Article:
In 1981 a UN General Assembly resolution, Prevention of an Arms Race in Outer Space (PAROS), tasked the Conference on Disarmament (CD) with negotiating a treaty to ban all space weapons. The CD made some progress on a draft treaty until disagreement between China and the US in 1995 prevented consensus on the creation of the Ad Hoc committee to continue negotiations. China insisted that it would only support final negotiations on a Fissile Material Control Treaty (FMCT) if PAROS was considered at the same time. The US has consistently opposed PAROS, arguing that there is no space race. China's insistence on linking the items, and US opposition to PAROS, blocked approval of a work program and the CD has remained effectively paralyzed since 1995.
Despite the stalemate in the CD, the UN General Assembly continues to support the PAROS mandate. At the 2002 session the vote was 156 in favor of PAROS, zero against, with Israel and the US abstaining.4 For 20 consecutive years the General Assembly has supported efforts to ban weapons from space.
The continued struggle in the CD to break the impasse and begin discussions on PAROS has led NGOs and some States to examine alternative processes. I will examine some of these options for creating a space weapons ban.
1. Multilateral Negotiations
Several proposals have been made to jump-start negotiations on a space weapons ban at the Conference on Disarmament. In 1998 Canada submitted a Working Paper Concerning CD Action on Outer Space, proposing that the CD establish an Ad Hoc Committee on Outer Space to commence negotiation of a convention. This early proposal suggested that the CD appoint a Special Coordinator to explore establishing an Ad Hoc Committee with a negotiating mandate."5 In February 1999 Canada reiterated this call.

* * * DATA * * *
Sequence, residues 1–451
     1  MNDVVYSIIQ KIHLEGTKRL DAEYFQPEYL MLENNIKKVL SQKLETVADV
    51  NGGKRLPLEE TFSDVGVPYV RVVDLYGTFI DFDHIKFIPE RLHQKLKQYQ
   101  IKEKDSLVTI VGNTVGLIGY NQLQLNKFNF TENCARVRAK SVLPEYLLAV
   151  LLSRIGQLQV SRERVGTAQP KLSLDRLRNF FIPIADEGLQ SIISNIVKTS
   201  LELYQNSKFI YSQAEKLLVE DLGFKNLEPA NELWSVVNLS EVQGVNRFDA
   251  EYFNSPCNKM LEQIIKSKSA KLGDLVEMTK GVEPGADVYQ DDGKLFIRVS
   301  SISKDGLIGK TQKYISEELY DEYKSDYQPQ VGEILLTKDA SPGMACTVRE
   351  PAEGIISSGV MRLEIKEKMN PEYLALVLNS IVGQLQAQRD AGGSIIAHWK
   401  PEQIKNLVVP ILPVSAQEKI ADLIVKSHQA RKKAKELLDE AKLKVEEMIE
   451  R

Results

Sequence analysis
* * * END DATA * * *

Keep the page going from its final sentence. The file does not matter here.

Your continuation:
China submitted a working paper in 2000, which, unlike Canada's, specified what should be included in a legal instrument preventing the weaponi- zation of outer space. In June 2002, Russia and China presented a joint Working Paper. Effectively a draft Treaty, it builds on the earlier Chinese proposal.
The majority of States remain committed to pursuing a space weapons ban through the CD, the official forum for multilateral arms control and disarmament treaty negotiations. Denmark, speaking on behalf of the EU, confirmed this after voting on the PAROS resolution at the First Committee of the UN General Assembly in October 2002:
"We want to reiterate that the Conference on Disarmament is the only international multilateral negotiating forum for disarmament. Therefore, it is within the CD that any decision should be taken regarding work on the prevention of an arms race in outer space."6
Efforts to break the CD deadlock include proposals in 2000 and 2003 by ambassadors calling for Ad Hoc committees on PAROS to elaborate a regime to prevent an arms race in outer space.
2. Step-by-Step Approach
Arguing that an all-or-nothing approach is likely to alienate the US from the outset, some have proposed an incremental approach toward banning space weapons.
John Rhinelander suggested three steps. First would come a multilateral agreement against interfering with "peaceful" assets orbiting in space. The second step would be to interpret the Outer Space Treaty as banning orbiting killer weapons, however armed, and perhaps to address space debris. Third would be a "comprehensive" step that would forbid attack vehicles in space and establish technical means of verifying a ban. 7
3. Interim Measures
Another gradual approach calls for interim measures to address major threats to peaceful space activity. Space debris already poses a serious threat to satellites and space travel, and testing of any space weapon would increase this threat vastly. The US is a leader in debris tracking and mitigation, and this could be an important area for international cooperation. 8